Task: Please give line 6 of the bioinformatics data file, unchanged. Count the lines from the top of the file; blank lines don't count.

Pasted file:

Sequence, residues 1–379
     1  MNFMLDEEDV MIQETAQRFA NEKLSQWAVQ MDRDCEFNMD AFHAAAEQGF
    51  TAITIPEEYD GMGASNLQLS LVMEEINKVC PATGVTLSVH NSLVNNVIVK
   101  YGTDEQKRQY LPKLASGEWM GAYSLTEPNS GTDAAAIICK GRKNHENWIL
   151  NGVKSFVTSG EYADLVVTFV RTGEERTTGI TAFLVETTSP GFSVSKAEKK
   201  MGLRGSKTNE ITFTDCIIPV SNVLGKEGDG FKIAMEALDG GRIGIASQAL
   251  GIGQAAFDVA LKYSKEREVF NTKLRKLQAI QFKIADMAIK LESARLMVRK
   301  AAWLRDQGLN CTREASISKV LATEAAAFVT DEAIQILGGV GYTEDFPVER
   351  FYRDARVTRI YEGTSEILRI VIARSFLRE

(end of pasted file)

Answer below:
   201  MGLRGSKTNE ITFTDCIIPV SNVLGKEGDG FKIAMEALDG GRIGIASQAL